This is no country for indebted men
They were once among the colossuses of Irish business, making billions between them while the Celtic Tiger roared. Now they're living abroad, having left Ireland for a variety of reasons. The Irish Independent examines some of the high-profile businessmen who joined the exodus, revealing their debts, the shattered dreams left behind and how, for some, trouble has continued to follow them to their new homes abroad.
IRELAND'S latter-day Flight of the Earls is in full swing. But while it was noblemen who departed our shores 400 years ago, today's exodus is more likely to include developers, bankers and foreign property dealers.
The reasons for leaving are myriad, but what they all have in common are massive unpaid debts back home in Ireland.
Some left to restructure their businesses or seek out fresh starts.
Others point to Ireland's restrictive bankruptcy process, which can take up to 12 years compared to just one in the UK and three in the US.
Take some of the high-profile property developers who have upped sticks: Sean Dunne, John Fleming and Greg Coughlan.
All had very different reasons for leaving these shores.
With his plans to transform Ballsbridge into a mini Knightsbridge on hold, Dunne set up a new property development company in New York last May and moved his family to Greenwich, Connecticut, about an hour's drive from the Big Apple.
But it appears the heavily indebted builder is not planning to do any development work himself.
Shortly before Christmas, the new firm was transferred into the name of Mr Dunne's wife, Gayle Killilea.
She later said in court papers that she was setting herself up as a property developer and had already identified a number of possible land deals.
How the former socialite and gossip columnist is to bankroll her property investments has not been revealed.
However, her husband has insisted he is not involved in any US property deals and that he remains committed to the running of his businesses back home in Ireland.
He frequently commutes between Ireland and the US.
Another reason for the move appears to have been privacy, with the Dunnes indicating a desire to get away from the intense media coverage of indebted developers in Ireland.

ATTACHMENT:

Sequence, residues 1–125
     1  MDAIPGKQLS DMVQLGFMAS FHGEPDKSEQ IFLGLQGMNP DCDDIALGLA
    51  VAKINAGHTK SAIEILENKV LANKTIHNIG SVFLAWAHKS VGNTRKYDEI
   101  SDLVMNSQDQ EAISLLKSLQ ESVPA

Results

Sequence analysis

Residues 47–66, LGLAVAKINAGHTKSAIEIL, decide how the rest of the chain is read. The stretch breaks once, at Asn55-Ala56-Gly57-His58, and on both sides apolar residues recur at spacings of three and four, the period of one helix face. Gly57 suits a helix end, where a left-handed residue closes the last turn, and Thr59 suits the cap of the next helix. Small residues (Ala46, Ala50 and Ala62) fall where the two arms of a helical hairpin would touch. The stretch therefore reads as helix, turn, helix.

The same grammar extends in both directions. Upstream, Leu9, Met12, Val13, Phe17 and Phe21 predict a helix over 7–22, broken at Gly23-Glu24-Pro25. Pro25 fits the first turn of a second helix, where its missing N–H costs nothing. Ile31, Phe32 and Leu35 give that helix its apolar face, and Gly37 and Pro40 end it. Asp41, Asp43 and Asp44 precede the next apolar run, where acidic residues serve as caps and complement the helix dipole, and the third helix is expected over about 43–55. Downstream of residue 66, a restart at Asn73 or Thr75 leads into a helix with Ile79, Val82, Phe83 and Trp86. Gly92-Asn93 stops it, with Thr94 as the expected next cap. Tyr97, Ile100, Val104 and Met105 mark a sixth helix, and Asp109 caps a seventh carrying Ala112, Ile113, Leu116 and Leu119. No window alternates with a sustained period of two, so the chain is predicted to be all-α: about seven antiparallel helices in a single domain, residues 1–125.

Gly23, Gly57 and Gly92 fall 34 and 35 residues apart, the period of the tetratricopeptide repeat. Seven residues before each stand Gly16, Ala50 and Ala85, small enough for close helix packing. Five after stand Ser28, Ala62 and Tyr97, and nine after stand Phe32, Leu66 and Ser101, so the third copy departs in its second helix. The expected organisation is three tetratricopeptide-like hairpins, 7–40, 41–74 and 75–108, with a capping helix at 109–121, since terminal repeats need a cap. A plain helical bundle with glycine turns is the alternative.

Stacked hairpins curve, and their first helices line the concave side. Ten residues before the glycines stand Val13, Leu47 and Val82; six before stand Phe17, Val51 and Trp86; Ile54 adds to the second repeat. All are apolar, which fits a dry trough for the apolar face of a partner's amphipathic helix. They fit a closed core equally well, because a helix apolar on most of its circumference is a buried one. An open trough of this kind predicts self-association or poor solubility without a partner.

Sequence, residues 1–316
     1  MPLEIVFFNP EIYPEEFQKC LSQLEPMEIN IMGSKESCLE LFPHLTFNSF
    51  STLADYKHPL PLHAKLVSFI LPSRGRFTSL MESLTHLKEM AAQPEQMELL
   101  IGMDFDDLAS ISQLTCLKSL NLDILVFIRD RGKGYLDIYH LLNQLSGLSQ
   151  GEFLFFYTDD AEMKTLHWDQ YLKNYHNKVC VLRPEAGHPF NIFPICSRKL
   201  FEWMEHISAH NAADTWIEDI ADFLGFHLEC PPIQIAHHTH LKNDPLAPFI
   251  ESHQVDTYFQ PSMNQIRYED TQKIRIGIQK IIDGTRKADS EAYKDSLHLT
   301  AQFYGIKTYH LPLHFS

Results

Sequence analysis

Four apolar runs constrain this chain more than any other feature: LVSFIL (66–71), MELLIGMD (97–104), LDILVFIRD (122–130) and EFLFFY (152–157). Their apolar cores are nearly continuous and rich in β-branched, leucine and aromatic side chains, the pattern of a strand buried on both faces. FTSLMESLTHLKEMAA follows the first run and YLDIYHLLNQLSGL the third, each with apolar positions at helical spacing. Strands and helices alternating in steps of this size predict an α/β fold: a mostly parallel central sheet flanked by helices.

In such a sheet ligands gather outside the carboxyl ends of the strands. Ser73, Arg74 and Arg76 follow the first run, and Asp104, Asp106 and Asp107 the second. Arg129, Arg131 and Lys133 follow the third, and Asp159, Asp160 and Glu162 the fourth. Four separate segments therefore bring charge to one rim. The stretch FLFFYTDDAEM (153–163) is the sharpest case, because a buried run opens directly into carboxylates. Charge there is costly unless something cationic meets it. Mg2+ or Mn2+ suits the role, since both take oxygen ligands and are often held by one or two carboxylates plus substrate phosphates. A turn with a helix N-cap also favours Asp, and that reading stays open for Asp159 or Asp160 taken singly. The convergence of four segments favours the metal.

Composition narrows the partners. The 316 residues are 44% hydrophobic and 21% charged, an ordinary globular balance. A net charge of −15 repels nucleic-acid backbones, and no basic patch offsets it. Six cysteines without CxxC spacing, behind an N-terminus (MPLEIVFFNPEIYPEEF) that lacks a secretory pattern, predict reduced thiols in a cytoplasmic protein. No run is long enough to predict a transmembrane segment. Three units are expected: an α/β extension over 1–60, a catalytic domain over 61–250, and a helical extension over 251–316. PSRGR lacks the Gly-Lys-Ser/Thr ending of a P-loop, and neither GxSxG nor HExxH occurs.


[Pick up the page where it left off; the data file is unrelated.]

After the Irish Independent revealed the couple's new residence last November, a tersely worded statement on Mrs Dunne's behalf read: "Her marital affairs, her place of residence and her finances are not legitimate matters of public interest."
Cork developer John Fleming had very different reasons for moving abroad. He and his wife Noreen moved England after his group of building firms collapsed under the weight of €1bn in debts.
They subsequently filed for, and were granted, bankruptcy in an Essex court.
Their circumstances are much reduced and they are living in a modest end-of-terrace house in a commuter estate.
However, the advantage of filing for bankruptcy in England is that they can hope to emerge from the process by the end of this year.
Another Cork developer, Howard Holdings chief executive Greg Coughlan, took off as creditors circled and he faced demands from the court to provide details of his assets.
Now living in Portugal, he faces arrest for contempt of court if he returns to Ireland.
A former close associate told the Irish Independent that Mr Coughlan simply buckled under the pressure after his firm became over-stretched with developments around the continent.
"Greg was a visionary and Howard Holdings had some smashing developments," the former associate said.
"But in the end, he had too much going on. I would say he virtually had a breakdown. He was stressed and overcome and something just snapped."
Of the property speculators to leave, Derek Quinlan has probably been the most secretive. The financier has rebuffed requests for comment on his relocation to Lausanne, Switzerland, where he and his wife Siobhan have moved while he attempts to sort out debts of €600m.
The move guarantees Mr Quinlan more privacy than he would receive in Ireland or the UK, where most of his interests remain. Trying to avoid press scrutiny for very different reasons is former Anglo Irish Bank chief executive David Drumm, who now lives with his wife, Lorraine, near Boston, Massachusetts.
He has managed to avoid questioning from garda investigating alleged widespread irregularities at the bank while he was in charge.
One thing he couldn't outrun was his debts, with €8.5m owed to his former employers.
The money was used to buy bank shares, which are now worthless.
However, Mr Drumm has also been able to avail of a less severe bankruptcy process than he would have had to endure in Ireland.
He can expect to emerge from bankruptcy after just three years.
In contrast, the bankruptcy process for his former close associate, ex-Anglo Irish chairman Sean FitzPatrick, is expected to take at least a decade, as he remains in Ireland.
Despite his supposedly crippling debts, Mr Drumm has been able to send his two teenage daughters to a private, fee-paying school, which comes with an annual cost of more than €25,000.
Similarly, the children of Karl Morris, a former Dublin-based overseas property agent who is being pursued through the courts by clients for millions of euro, are currently attending a fee-paying school in Marbella, Spain.
He is being sued over allegedly "missing" property deposits following the collapse of his Simple Overseas Properties business and claims to be close to bankruptcy.
No criminal charges have been brought against him by Irish authorities and he denies any wrongdoing.